WOW. There is so much I could say about Garlic and the Vampire by Bree Paulsen, but to be honest, “wow” is what would sum it up. This children’s graphic novel is a fun, gentle read that also made me feel seen and loved as a person with anxiety. Who knew I would get emotional about sentient vegetables? I certainly did not expect to when I first picked this book up!

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The summary, from Amazon:

An enchanting, farm-fresh debut graphic novel starring an unusual heroine who is braver than she realizes, for middle grade readers looking for a cozy, adventuresome read in the vein of Witch Boy or Be Prepared.

Garlic feels as though she’s always doing something wrong. At least with her friend Carrot by her side and the kindly Witch Agnes encouraging her, Garlic is happy to just tend her garden, where it’s nice and safe.

But when her village of vegetable folk learns that a bloodthirsty vampire has moved into the nearby castle, they all agree that, in spite of her fear and self-doubt, Garlic is the obvious choice to confront him. And with everyone counting on her, Garlic reluctantly agrees to face the mysterious vampire, hoping she has what it takes.

After all, garlic drives away vampires…right?

Buy Garlic and the Vampire here.

Garlic lives among a community of enchanted vegetables who tend gardens alongside Witch Agnes. She is best friends with Carrot. Garlic is a very worry-prone person. When it becomes clear a vampire has moved into the nearby castle, she and her friends are concerned about the potential danger. Of course, one thing vampires can’t stand is garlic, and so Garlic is encouraged to confront the vampire on the village’s behalf.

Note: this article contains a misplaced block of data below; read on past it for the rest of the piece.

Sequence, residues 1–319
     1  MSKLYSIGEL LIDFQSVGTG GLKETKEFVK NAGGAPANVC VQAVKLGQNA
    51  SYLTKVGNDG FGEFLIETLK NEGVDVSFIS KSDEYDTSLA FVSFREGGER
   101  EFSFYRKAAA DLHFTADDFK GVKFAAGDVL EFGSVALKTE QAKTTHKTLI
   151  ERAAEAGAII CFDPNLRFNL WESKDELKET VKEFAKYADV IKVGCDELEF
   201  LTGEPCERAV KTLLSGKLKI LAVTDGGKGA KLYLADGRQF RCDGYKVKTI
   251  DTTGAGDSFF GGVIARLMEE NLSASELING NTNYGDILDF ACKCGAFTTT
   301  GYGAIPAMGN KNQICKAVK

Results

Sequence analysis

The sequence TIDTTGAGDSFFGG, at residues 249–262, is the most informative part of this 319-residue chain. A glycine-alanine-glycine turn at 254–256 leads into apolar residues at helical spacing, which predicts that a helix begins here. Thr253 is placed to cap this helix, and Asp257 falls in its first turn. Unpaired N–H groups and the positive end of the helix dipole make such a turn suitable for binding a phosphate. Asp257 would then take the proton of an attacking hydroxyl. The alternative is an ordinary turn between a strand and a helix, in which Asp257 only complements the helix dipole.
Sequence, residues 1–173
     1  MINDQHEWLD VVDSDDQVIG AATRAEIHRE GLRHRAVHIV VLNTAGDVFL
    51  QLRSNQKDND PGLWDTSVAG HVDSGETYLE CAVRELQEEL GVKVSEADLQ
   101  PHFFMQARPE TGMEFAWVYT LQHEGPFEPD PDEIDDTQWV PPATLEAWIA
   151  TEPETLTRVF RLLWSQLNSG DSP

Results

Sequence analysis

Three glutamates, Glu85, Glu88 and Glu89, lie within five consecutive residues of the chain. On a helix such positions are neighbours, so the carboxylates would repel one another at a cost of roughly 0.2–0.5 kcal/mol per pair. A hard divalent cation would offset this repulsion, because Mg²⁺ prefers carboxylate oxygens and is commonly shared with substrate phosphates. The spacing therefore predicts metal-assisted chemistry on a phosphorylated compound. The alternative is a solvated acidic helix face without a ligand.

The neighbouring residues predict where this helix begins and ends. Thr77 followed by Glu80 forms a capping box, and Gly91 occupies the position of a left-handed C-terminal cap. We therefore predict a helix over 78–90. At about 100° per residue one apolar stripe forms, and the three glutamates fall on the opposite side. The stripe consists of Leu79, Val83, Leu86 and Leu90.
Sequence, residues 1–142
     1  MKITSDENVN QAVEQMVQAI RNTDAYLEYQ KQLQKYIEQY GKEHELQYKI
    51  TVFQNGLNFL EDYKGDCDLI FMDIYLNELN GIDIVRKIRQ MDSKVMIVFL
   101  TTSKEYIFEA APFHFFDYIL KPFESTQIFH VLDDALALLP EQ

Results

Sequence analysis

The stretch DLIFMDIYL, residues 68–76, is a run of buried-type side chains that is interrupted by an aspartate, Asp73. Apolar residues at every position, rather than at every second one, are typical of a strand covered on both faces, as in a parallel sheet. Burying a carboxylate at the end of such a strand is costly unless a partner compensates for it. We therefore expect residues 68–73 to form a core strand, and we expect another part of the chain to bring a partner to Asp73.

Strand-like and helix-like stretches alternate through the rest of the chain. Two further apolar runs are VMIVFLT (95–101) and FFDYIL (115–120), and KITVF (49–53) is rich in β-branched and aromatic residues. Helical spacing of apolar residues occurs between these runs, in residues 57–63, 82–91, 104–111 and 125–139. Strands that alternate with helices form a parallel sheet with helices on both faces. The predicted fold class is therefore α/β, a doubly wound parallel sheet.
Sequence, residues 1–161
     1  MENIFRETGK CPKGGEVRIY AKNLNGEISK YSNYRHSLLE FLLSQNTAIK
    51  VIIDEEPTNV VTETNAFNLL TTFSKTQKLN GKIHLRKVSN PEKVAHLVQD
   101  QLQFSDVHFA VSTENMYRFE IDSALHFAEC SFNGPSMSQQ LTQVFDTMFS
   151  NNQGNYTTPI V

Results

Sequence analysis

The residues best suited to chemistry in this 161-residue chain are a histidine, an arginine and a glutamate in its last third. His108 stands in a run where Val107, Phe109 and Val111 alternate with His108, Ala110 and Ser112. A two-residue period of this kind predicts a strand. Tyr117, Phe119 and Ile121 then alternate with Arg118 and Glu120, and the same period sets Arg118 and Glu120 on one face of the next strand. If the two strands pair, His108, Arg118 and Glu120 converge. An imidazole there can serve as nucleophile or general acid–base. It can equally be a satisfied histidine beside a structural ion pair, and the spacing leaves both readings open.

What charmed me so much about this story is that it was the first time I read a book where a character was not loved solely in spite of her anxiety but also for it. I love that we see how anxiety makes Garlic more empathetic and also a high achiever. Her motivation for confronting the vampire is based on extreme worry for others as well as a need to prove herself to Carrot, who believes in her. We have such a silly, whimsical story that does a great job showing anxiety beyond the surface level and the traits and values it can instill in a person in only a few chapters.
Additionally, as a person with anxiety, I do prefer “gentler” books on the topic, and this was definitely a gentle book. I hate when I read a book about anxiety that tips me into a state of nervousness myself. This book was not remotely triggering for me and while I think any form of representation coming from an author who also experiences symptoms of anxiety is valid and to be celebrated, this particular format really works for me.
And that’s not even all the fantastic stuff about this book. When Garlic does meet the titular vampire, there’s a great lesson about stereotypes, internal biases, and judging a person before you meet them, too.
So if you couldn’t tell, I’m passionate in my love for this book. Garlic and the Vampire was a solid 5 star read for me. Though I got my hands on an eARC, I was happy to add a physical copy to my collection. I have a feeling Garlic will remain a favorite book of mine forever.

Find out more about how I rate books here.

Garlic and the VampireGarlic and the Vampire by Bree Paulsen
My rating: 5 of 5 stars

As a garlic-loving, witchy vegetarian with anxiety, I couldn’t NOT vibe with this book. A short, fun read.

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Book Club Questions

  1. Why do Garlic’s friends choose her to confront the vampire?
  2. How are Carrot and Garlic good friends to one another?
  3. What is the message or theme of this book?

Interested? Buy Garlic and the Vampire.
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